Now, the food industry engineer indicates that achieving a balanced mash will depend on certain factors:

1. The alcoholic degree of the distillate in which it is macerated: the higher the degree, the shorter the maceration time.

2. The amount of raw material used per liter of alcohol.

3. The components of the raw material. On this point, Hans Hilburg reminds us that dehydrated product must be used to avoid a watery maceration. Cussianovich explains it like this: “If my raw material contains water, the alcoholic strength of the pisco that was used for that maceration will decrease. Furthermore, water is not suitable if what you want is to extract color, aroma and flavor ”.

4. The temperature at which I cook: it can be hot or cold. At a higher temperature, the maceration time is reduced (it happens when we infuse a tea) but it goes to the detriment of some compounds that we want to preserve.

5. The state of maturity of the fruit: the more it ripens, the membrane will be more sensitive to the process of osmosis and diffusion to reach the point of equilibrium.

6. Scalding (mild heat treatment, which produces microbial load and softens the raw material, which also makes the membrane more permeable for diffusion and osmosis).

However, unlike wine, which is considered a living being capable of evolving over time, a maceration that has already reached the point of equilibrium would not have to undergo any transformation. Why? “The alcoholic degree is in charge of stabilizing the product so that microbes do not enter or alter it,” says the engineer. And theoretically, with 15 and even 20 degrees we could be sure that it will be fine. ” This explains why, in colonial times, fruit macerated in brandy was used to increase the alcoholic strength of fortified wines on their way to the north of the continent.

Toasting at home

The bartender confirms Rodrigo Soto that interest in macerates gained strength with the pandemic and periods of social confinement: adult Peruvians, prevented from enjoying our favorite cocktails at the bar or in a restaurant, took refuge in the homemade preparation of simple drinks. The chilcano de pisco was perhaps the favorite, but the achilcanados (the recipe that includes macerated with pisco) took hold to complete the diversity quota in flavor. “There has always been a Pisco crowd, and not being able to access their favorite places, a lot of people started making their macerates at home. Companies also emerged that began to make them, and it was seen as a business: some contacted bartenders to help them make the macerates ”, he details.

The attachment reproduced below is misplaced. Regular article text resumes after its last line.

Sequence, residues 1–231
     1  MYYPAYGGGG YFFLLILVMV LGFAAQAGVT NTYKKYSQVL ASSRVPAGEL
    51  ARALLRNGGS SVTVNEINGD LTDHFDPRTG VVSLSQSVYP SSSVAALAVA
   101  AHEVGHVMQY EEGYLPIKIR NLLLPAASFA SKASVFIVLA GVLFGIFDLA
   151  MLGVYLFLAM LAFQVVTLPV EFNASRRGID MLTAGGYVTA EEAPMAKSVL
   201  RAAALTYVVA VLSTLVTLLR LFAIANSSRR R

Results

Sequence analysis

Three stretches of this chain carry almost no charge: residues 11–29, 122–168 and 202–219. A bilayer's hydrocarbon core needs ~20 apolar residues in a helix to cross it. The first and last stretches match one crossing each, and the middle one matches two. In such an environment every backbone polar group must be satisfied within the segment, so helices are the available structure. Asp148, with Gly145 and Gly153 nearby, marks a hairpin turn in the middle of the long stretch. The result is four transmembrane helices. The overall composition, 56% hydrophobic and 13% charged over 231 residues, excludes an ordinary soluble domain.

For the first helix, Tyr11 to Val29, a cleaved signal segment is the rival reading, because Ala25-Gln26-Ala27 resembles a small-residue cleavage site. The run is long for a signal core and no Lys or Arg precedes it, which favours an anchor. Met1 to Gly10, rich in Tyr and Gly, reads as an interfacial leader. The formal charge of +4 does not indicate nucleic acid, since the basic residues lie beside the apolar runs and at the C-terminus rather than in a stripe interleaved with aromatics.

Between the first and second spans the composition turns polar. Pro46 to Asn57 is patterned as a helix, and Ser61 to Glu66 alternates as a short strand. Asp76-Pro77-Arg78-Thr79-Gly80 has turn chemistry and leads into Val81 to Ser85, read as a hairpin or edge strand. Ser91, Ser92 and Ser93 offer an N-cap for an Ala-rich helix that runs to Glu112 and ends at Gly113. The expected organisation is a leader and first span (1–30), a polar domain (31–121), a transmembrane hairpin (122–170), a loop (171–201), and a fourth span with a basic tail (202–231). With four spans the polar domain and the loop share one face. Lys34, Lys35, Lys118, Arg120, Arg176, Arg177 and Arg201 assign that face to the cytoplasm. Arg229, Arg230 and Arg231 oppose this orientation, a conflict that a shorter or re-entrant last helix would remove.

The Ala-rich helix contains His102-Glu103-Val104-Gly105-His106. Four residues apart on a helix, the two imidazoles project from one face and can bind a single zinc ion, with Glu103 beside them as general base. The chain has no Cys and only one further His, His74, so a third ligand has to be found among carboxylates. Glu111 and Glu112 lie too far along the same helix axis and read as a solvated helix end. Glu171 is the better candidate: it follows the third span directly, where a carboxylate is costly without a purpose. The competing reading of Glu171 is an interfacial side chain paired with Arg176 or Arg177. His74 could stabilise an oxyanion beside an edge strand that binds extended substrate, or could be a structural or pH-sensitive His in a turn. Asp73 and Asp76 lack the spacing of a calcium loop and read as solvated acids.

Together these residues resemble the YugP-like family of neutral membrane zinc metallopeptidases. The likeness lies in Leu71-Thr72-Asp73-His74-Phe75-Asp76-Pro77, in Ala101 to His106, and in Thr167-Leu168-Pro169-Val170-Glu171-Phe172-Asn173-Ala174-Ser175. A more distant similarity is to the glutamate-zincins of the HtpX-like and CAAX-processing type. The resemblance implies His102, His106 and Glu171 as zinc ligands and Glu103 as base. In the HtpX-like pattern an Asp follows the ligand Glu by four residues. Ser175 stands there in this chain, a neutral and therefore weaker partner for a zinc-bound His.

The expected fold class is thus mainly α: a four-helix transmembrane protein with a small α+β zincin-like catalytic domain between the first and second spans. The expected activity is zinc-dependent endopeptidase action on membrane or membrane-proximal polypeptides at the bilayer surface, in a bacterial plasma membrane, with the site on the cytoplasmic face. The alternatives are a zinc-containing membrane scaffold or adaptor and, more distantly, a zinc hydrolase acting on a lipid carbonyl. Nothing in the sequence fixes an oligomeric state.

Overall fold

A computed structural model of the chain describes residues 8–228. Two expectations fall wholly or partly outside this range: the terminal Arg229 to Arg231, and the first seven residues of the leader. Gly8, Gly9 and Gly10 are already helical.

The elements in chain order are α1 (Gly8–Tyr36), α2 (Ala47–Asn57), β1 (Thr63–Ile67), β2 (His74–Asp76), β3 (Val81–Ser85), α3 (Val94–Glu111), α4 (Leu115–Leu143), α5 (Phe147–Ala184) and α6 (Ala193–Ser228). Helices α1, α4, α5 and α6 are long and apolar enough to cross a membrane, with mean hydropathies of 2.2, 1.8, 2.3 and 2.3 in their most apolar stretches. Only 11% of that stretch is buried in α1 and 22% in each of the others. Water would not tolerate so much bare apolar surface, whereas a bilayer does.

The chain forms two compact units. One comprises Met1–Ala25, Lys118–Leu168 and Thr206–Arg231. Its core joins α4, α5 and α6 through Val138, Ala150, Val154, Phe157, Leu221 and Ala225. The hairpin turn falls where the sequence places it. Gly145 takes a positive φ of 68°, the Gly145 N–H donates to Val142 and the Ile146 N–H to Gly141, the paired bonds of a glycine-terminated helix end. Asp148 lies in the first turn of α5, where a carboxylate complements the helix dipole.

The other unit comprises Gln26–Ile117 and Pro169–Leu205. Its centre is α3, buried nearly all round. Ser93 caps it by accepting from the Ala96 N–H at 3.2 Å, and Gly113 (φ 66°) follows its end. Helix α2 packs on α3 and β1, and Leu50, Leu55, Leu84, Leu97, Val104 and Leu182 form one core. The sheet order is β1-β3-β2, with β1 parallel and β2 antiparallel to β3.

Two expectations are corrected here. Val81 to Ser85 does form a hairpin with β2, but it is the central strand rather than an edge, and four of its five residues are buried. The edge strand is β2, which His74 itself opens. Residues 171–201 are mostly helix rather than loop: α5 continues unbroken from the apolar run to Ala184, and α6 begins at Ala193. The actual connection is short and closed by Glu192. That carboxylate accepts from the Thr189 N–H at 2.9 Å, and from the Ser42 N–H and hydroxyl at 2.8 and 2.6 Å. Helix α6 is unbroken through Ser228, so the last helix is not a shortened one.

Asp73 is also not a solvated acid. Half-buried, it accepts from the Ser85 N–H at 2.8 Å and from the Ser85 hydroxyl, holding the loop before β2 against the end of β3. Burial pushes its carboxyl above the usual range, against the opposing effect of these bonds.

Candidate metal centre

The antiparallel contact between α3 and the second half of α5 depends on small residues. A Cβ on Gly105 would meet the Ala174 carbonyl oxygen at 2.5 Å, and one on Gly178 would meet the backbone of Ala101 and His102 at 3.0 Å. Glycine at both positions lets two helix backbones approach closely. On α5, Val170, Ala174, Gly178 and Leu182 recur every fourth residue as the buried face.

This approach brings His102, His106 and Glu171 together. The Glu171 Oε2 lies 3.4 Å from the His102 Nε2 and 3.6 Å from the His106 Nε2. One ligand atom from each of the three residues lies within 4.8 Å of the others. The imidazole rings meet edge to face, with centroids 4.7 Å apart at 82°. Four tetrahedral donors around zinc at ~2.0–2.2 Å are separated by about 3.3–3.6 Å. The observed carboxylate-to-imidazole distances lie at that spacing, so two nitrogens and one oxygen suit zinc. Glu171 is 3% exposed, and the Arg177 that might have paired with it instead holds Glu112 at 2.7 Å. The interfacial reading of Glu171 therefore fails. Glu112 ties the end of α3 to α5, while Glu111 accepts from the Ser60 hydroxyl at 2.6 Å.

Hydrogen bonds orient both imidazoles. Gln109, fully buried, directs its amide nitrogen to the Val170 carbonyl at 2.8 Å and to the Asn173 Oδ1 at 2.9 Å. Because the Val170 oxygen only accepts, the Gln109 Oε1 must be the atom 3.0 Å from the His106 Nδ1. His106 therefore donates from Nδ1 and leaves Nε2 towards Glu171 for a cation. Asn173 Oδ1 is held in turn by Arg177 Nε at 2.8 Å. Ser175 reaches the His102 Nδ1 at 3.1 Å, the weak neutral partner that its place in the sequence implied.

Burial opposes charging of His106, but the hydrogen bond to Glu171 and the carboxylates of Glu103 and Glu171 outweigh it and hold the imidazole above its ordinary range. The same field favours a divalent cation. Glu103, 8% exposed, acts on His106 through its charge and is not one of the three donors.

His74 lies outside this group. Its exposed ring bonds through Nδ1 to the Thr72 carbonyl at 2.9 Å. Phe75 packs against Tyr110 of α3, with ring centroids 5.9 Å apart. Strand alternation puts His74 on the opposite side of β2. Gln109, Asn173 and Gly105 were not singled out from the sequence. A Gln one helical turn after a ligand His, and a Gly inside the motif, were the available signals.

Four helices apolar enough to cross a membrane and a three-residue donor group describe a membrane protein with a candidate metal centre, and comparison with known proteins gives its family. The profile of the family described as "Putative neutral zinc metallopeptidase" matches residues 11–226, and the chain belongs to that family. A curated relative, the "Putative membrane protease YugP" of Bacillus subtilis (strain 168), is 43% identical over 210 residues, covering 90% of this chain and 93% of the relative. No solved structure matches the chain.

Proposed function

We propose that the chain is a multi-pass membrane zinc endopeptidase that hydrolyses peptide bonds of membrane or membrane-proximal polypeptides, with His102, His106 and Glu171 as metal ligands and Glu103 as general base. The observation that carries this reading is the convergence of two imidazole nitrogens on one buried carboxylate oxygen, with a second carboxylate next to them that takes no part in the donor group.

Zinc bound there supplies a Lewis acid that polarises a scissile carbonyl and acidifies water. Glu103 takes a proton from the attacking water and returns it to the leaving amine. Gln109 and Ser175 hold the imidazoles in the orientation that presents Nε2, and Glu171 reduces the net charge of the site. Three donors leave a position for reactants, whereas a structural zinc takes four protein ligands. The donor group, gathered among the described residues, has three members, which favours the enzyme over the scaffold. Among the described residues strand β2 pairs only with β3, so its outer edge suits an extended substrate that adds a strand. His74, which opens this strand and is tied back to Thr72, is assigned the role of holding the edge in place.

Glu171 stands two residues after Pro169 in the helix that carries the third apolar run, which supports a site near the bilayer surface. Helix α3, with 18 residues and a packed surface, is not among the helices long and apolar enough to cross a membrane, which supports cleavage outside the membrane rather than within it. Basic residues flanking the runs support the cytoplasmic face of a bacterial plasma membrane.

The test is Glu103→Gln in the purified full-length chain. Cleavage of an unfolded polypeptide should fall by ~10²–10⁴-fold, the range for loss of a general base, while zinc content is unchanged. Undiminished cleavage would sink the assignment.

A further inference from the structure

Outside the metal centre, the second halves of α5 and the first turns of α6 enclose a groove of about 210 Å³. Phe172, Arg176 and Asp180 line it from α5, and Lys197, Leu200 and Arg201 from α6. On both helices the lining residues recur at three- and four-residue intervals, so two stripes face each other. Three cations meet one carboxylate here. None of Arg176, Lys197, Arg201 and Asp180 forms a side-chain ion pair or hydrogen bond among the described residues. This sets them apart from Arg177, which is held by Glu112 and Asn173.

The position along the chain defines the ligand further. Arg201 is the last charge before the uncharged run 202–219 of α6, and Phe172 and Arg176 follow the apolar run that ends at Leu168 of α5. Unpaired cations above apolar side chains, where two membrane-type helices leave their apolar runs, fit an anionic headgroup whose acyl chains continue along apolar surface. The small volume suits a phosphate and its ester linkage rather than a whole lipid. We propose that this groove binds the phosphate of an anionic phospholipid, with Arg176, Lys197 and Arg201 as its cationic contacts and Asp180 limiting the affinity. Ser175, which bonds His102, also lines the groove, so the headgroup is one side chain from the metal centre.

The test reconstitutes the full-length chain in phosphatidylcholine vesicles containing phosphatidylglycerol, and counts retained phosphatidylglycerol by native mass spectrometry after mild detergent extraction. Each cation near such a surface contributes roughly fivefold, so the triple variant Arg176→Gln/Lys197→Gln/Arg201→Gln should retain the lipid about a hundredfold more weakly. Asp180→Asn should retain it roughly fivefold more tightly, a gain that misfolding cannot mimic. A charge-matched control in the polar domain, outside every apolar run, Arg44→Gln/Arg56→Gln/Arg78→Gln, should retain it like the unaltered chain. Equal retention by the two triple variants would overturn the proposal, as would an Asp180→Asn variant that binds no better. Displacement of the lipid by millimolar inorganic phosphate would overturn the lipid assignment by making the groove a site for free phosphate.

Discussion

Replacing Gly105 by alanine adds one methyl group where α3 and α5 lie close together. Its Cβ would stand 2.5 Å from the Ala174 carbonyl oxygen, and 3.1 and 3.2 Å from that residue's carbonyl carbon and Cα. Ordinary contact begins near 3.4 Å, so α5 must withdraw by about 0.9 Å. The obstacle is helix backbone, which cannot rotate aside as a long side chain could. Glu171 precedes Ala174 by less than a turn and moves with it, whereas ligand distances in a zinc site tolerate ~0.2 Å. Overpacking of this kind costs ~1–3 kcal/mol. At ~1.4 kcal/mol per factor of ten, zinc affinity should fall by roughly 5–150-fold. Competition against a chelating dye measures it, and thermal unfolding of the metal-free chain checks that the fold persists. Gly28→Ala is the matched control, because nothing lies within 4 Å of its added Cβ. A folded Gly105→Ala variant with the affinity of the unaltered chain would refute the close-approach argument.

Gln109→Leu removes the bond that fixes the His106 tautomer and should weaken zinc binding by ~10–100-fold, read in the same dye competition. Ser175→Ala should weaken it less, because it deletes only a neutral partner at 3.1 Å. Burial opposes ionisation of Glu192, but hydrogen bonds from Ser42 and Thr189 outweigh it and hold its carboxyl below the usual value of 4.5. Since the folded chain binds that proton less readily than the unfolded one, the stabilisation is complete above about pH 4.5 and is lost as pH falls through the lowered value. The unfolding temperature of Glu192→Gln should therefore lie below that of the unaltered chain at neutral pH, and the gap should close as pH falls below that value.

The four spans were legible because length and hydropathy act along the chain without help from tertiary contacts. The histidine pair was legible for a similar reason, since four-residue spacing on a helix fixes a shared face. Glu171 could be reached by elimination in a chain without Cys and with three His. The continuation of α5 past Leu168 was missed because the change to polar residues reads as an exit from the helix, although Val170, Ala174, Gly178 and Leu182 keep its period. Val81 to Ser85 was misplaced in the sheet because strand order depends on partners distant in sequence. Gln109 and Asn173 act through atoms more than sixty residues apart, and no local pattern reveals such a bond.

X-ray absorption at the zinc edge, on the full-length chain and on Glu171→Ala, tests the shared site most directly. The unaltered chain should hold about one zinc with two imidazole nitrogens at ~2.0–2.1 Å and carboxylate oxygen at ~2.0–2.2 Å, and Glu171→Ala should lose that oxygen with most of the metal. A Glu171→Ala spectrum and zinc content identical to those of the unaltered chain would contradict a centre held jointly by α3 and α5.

Soto also recognizes that people returned to “less is more”, because in the difficult situation generated by the pandemic, when the reactivation occurred, restaurants allowed to sell alcohol had to reduce costs, opting not so much for imported products but rather quality establishments, such as pisco, which resulted in a greater offer of cocktails with pisco macerates, thus strengthening its presence in a market that, let’s not forget, was already aware of this alchemy. Because just like El Señorío de Sulco, restaurants like Brujas de Cachiche and its bar Huaringas (both closed at the beginning of the health crisis), or Mayta by Jaime Pesaque, were among the first to stand out for the variety of their macerates.

In 2009, chef Jaime Pesaque's restaurant Mayta began experimenting with various inputs for his macerates.  Today, in their new premises on Av. La Mar, they already add between 90 and 120 flavors, depending on the season.  (Photo: GEC Archive)

“In 2009 we started with the macerates” recalls Jaime Pesaque. The Mayta bar, in its first location on Av. 28 de Julio, was recognized for the great variety of macerates: the kion and cinnamon were the first, until, among flowers, roots, leaves and mix of flavors, as detailed the chef, who has maintained the tradition in his restaurant on Av. La Mar, always using the pisco quebranta from Bodega 1615 as a fundamental input.

Fruits of Peru